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Re: PON rationale and business optical users
« Reply #3 on: August 21, 2020, 12:30:30 PM »

Are there different grades of PON service orderable from a given supplier ? (I don’t mean a comparison from the kit fitted by eg BT [or is it ‘Openreach’] vs some other supplier)

Yes.
OpenReach use GPON for their FTTP.
That's 2.4Gb/s down and 1.2Gb/s up split between up to 32 users.

They can also run XGS-PON on top of GPON which gives 10Gb/s down and 10Gb/s up.

So really they can share up to 12.4Gb/s down and 11.2Gb/s up between those 32 homes.

Eventually some other PON technology will likely come along increasing that available bandwidth further.

What then is a ‘leased line’ in the context of optical?

Point to point fibre.
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tickmike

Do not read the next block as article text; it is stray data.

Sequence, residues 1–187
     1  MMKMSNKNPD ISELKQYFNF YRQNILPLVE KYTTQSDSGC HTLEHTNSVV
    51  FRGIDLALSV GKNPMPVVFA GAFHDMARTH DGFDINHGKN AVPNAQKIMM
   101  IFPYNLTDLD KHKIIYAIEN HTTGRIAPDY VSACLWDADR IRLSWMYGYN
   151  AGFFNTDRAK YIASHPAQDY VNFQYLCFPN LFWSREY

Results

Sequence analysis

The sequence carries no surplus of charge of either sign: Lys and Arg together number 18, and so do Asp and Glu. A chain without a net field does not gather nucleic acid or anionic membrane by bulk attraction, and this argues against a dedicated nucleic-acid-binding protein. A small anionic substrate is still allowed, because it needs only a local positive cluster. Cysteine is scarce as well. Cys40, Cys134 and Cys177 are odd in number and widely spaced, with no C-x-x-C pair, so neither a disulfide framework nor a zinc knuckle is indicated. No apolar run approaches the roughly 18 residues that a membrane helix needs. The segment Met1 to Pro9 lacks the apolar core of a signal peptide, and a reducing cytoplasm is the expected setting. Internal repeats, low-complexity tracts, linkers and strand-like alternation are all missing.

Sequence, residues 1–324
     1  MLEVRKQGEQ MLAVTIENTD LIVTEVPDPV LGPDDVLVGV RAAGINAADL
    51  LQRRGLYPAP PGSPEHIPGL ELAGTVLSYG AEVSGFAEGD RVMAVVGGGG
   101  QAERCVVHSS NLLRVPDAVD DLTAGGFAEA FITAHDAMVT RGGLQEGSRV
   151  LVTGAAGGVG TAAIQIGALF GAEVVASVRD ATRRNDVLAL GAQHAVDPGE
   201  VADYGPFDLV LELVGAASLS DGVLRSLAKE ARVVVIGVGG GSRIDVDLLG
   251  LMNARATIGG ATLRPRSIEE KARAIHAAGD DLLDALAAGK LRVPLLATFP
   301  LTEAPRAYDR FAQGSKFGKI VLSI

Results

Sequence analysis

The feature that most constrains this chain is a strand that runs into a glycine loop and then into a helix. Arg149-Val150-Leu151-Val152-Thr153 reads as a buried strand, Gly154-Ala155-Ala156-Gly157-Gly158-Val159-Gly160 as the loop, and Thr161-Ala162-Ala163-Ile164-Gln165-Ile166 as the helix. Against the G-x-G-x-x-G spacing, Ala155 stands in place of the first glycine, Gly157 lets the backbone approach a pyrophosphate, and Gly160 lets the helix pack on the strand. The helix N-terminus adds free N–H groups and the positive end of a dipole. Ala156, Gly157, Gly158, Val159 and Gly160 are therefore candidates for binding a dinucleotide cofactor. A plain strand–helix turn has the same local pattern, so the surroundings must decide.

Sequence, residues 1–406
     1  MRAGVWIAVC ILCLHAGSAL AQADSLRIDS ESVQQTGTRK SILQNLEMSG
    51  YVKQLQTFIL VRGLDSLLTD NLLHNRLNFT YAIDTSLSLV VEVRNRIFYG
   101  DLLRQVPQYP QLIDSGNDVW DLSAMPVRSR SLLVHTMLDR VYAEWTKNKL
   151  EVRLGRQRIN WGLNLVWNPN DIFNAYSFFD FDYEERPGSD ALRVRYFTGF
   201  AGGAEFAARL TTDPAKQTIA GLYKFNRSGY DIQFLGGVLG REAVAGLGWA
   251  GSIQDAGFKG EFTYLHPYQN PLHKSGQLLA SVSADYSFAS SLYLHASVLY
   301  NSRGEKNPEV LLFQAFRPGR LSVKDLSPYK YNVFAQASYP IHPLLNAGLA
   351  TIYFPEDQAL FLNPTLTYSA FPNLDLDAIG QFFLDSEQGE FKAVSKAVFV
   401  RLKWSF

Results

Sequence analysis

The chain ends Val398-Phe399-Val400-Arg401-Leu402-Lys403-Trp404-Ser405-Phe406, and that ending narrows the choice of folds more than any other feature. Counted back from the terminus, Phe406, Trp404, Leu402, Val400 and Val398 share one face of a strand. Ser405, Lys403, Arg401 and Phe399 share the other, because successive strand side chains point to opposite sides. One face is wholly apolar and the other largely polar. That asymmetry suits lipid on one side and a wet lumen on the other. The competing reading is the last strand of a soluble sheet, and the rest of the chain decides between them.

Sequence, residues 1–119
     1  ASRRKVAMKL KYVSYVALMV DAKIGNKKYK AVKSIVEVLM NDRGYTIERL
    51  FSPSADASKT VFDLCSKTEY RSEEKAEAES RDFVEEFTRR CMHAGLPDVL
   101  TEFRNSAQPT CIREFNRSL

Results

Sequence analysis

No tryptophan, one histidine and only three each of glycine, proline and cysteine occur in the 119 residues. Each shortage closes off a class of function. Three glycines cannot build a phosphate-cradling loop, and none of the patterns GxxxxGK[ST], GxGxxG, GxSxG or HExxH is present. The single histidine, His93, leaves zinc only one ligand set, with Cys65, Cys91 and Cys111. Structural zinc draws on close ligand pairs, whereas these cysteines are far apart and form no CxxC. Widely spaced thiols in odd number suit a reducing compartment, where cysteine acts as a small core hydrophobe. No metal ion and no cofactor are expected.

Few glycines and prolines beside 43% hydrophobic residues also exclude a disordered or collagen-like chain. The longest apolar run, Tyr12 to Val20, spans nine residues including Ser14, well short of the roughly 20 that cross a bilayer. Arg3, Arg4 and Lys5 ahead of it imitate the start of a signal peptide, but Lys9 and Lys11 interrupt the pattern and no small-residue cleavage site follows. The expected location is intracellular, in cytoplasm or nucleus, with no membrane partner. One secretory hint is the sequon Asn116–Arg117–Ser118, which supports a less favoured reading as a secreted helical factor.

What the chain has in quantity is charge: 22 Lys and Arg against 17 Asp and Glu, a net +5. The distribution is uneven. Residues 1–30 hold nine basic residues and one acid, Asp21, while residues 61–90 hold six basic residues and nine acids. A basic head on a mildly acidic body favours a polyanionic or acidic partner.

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Re: PON rationale and business optical users
« Reply #4 on: August 21, 2020, 12:33:12 PM »

Warning - while you were typing a new reply has been posted. You may wish to review your post.

I would simply like to ask a couple of very basic questions about optical internet access technology

1. But why can’t they steal power from the end-users?
Because it is 'passive optical network' it does not need any power.
Quote

2. Are business optical users on the same type of PON as home users? Slow upstream might be a deal-breaker surely?

Yes.
I am on 'Business' ADSL2 and hope soon to be on 'GPON'

I ask my CP 'Eclipse Kcom' that question and there reply.

I have had a reply from our core networking team, and they have advised that business users are not prioritised over consumer traffic, and traffic on an FTTP
circuit should be the same.


Ethernet Passive Optical Network (EPON)  .
I think these are just for One user but very expensive.
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Weaver

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Re: PON rationale and business optical users
« Reply #5 on: August 21, 2020, 01:15:48 PM »

@tickmike  - Yes, I understand the term passive; I wondered why it is felt to be an advantage having passive kitz when there is power available - at the end-users’ premises.